When British parliament finally abolished slavery in the 1830s, it paid out enormous sums to the owners, some of which helped finance New Zealand’s colonial project. But more importantly, our country was part of a wider English-speaking intellectual world, in which a racial hierarchy was taken for granted, with white people firmly at the top. New Zealand newspapers, for example, referenced Thomas Carlyle, an English theorist (and author of “Occasional Discourse on the Ni**er Question”) who had argued the case of the inherent inferiority of Black people and the desirability of the reinstitution of British slavery.

Imported racist material went wider than just the intellectual world. For much of their history, New Zealand newspapers employed a practice of “cut-and-paste”, where articles from US, British and Australian newspapers were copied into their own editions. This included little filler pieces, of “jokes” and anecdotes, some of which related to plantation life, and to Black people and their culture. These circulated around the world’s English-language newspapers, and across the decades. Indeed our settlers were laughing at “jokes” about Black slaves in the States even before the US abolished slavery in 1865, and laughed at them again when performed as sketches in the minstrel shows.

So, how was the n-word used against Māori? Missionaries noted that Māori objected to the insult. As Richard Taylor wrote, Māori were not happy “constantly being called a ni**er and black fellow to his face, and viewed as an inferior being”.

Certainly the New Zealand Wars inflamed racial tensions. As one entry in a diary of a colonial soldier stated, “The men were told not to fire unless fired upon but they all said they would fire as soon as they saw a chance of killing a ni**er.” While insulting language was no doubt used verbally (as it still is today), this was much less likely in the press or in political debate concerning Māori. This was partly due to Pākehā settlers viewing New Zealand as a superior colony, and by extension, Māori were deemed to be superior “natives” to those of other colonies. Or perhaps, they just recognised that it was offensive.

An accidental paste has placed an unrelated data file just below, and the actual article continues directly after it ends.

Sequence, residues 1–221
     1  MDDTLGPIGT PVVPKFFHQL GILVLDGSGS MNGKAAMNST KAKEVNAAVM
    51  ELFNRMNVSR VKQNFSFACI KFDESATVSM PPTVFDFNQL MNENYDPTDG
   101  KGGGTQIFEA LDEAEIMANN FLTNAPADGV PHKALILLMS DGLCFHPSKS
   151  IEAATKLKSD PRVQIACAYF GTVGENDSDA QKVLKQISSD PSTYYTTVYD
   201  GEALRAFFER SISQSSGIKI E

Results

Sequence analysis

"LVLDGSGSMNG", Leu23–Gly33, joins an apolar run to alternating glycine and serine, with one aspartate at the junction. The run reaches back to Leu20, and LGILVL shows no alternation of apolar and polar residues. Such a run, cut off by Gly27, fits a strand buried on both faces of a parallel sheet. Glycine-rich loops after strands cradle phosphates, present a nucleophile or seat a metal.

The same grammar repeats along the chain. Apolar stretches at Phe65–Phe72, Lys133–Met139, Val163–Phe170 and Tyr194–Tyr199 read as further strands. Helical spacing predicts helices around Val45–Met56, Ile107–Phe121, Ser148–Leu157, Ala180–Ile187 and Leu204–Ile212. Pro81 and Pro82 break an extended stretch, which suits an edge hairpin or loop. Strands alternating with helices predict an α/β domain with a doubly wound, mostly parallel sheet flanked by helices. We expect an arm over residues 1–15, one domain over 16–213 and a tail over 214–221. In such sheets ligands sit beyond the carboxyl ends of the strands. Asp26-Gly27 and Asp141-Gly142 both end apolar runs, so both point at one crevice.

But it did occur occasionally. In 1899 one opposition MP argued against Māori leasing land. “Fancy a free-born Britisher having a ni**er for a landlord”. He was roundly condemned, not just by Māori, but by then prime minister, Richard Seddon, and the press. The MP apologised for his “regrettable use of a common and vulgar expression”. In 1916, and again in 1923, the MP Māui Pōmare was called a “ni**er” by members on the other side of parliament’s debating chamber. On both occasions, his colleagues had to restrain him from giving his antagonist a good thump in the lobby.

The Pūhoi Pub’s staff describe their establishment as a “living museum”, saying the inclusion of the bullock horns should be seen in the context of the times, and people should just get over it. But a pub, despite its knick-knacks, is not a museum; it is a place where people wander in for a beer or a feed. That the horns have been hanging on the wall for a long time is no excuse; racism has a long history in New Zealand but it does not mean we shouldn’t fight it. Continuing to display the bullock horns and refusing to take them down is choosing to ignore the history of the word, its racialised meanings and connection to slavery and white supremacy, and means the publican is happy to offend and alienate a large number of New Zealanders. She should take it down.

See also: Can Māori and Pacific people use the n-word?